Agrarian Justice Newsletter Issue 6
'This is a fight we can win' says Susan George as she delivered the opening speech during the GUE/NLG meeting against TTIP.
The release of the draft policy, part of a process towards enacting a new National Land Law and “harmonising” existing legislation, was greeted with objections and criticism from farmers’ organisations and ethnic minority groups throughout the country.
There are some big problems with the current draft of the policy and they stem mainly from its failure to recognise that land has more than an economic function.
The BRICS Initiative for Critical Agrarian Studies is collaborating with several initiatives and institutions to hold an international conference with an African focus, with emphasis on transformations in food systems and implications for policy responses.This is their call for papers on 4 themes
A distinguishing mark of the Narendra Modi government is the determined and methodical manner in which it is diluting, even scuttling, India’s already weak environmental regulation system in the name of promoting “fast-track clearances” and rapid industrial development.
Multinational corporations such as Anglo American undermine crucial climate policies and promote false solutions, which allow them to profit from the climate crisis, according to a new report released 8 December during the UN climate talks.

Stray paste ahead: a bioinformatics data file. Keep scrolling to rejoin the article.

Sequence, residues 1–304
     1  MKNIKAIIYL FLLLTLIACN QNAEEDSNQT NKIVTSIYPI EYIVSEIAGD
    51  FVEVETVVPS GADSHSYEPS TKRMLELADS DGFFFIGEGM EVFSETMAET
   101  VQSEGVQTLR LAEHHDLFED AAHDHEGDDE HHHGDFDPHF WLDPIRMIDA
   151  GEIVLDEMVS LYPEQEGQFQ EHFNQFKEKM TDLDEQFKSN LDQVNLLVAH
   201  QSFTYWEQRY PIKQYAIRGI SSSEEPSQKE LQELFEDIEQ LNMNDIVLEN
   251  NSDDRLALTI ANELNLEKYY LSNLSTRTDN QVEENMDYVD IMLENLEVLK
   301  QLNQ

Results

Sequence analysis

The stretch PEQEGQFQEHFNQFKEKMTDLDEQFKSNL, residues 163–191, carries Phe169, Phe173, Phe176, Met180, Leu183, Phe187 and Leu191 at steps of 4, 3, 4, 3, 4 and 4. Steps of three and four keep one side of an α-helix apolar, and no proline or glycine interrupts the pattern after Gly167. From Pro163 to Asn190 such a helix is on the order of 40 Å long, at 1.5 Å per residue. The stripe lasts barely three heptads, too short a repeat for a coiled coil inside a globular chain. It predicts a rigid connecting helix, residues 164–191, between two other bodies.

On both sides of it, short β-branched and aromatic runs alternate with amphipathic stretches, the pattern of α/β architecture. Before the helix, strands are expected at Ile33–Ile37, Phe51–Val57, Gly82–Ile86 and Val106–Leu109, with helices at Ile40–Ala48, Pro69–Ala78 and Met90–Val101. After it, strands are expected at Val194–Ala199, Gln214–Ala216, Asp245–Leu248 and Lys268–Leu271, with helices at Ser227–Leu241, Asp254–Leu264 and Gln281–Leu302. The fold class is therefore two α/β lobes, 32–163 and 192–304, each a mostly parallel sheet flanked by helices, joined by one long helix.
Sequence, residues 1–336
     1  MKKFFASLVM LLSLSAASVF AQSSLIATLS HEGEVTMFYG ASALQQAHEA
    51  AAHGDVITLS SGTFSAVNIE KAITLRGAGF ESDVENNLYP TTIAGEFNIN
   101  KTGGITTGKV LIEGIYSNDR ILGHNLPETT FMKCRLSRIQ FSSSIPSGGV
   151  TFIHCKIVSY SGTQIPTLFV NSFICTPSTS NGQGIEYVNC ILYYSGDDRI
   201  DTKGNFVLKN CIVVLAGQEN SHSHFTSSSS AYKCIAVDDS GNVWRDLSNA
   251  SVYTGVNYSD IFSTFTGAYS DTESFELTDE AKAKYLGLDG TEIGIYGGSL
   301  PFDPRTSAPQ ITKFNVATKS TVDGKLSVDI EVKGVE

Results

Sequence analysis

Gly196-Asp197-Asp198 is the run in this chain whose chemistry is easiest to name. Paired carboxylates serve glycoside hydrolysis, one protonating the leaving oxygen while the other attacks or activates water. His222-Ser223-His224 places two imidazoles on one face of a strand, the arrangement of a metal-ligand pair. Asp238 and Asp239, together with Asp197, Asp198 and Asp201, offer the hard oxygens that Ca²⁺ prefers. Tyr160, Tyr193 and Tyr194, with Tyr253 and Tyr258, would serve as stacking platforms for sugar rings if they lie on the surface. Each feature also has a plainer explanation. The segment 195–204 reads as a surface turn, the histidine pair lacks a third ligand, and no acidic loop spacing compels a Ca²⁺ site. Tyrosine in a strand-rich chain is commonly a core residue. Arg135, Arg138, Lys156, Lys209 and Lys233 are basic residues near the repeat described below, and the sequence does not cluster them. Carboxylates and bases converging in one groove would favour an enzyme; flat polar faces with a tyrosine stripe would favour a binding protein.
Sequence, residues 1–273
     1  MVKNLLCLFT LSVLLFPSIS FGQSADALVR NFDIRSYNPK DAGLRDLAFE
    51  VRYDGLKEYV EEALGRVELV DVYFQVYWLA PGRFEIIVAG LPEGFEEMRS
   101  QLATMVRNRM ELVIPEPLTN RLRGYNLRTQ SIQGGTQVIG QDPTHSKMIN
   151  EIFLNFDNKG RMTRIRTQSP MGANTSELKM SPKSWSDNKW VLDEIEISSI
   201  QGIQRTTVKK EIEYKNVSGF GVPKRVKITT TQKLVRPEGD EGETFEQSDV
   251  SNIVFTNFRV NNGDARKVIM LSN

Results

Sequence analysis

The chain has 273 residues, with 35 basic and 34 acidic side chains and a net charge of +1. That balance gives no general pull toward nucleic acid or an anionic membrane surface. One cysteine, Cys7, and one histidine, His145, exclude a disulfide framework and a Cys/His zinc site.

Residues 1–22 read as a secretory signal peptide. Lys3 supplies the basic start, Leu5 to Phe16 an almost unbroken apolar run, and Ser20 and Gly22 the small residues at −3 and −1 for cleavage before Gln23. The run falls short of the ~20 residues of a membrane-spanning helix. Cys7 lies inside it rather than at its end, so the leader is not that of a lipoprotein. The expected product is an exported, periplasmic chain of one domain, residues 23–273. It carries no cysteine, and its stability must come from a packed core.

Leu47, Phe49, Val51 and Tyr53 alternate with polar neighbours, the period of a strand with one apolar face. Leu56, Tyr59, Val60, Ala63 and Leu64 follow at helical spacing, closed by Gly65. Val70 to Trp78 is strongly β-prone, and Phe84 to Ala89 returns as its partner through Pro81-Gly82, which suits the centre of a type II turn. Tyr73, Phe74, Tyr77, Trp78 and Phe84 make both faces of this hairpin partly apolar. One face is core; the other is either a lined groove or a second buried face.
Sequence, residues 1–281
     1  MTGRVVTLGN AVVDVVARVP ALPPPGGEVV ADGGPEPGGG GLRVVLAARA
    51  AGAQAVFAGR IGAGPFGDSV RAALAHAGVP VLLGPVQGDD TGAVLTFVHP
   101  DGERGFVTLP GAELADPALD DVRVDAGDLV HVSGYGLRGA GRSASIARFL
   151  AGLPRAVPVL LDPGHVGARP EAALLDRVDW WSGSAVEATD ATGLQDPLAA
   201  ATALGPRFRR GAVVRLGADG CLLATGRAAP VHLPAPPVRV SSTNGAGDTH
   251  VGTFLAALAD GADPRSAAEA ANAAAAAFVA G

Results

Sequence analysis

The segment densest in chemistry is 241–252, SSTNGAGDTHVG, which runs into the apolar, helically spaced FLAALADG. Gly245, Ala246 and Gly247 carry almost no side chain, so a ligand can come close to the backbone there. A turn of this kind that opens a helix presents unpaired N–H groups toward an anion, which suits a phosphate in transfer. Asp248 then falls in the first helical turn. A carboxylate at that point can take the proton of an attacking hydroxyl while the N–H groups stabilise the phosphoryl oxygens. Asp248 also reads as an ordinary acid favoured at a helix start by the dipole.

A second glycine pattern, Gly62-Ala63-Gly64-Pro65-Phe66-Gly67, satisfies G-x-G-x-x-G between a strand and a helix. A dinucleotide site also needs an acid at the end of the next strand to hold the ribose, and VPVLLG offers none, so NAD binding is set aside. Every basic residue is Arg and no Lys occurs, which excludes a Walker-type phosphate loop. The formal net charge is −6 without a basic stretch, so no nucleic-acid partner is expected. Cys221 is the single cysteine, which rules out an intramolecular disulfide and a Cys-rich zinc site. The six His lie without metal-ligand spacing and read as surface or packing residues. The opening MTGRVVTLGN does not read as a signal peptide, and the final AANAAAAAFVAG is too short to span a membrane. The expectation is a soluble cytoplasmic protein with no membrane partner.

In May 2000, a Fortune Magazine piece claimed triumphantly that the “liquid everybody needs – and will need a lot more of in the future – is going private,” and as a result would benefit “multitudes of poor people.”
A new Canada-EU trade deal, called the Comprehensive Economic and Trade Agreement (CETA), could expose Canada and Europe to a wave of corporate lawsuits that would restrict governments’ power to regulate in the public interest—including in confronting climate change.
Despite the track record of systemic and systematic violations of the range of human rights, the efforts to establish legally binding obligations and an instrument of enforcement within the UN system have been defeated by determined corporate opposition. The current Guiding Principles developed by the former Special Representative of the UN Secretary General, John Ruggie, do not create "any new international legal obligations" and are therefore non-binding.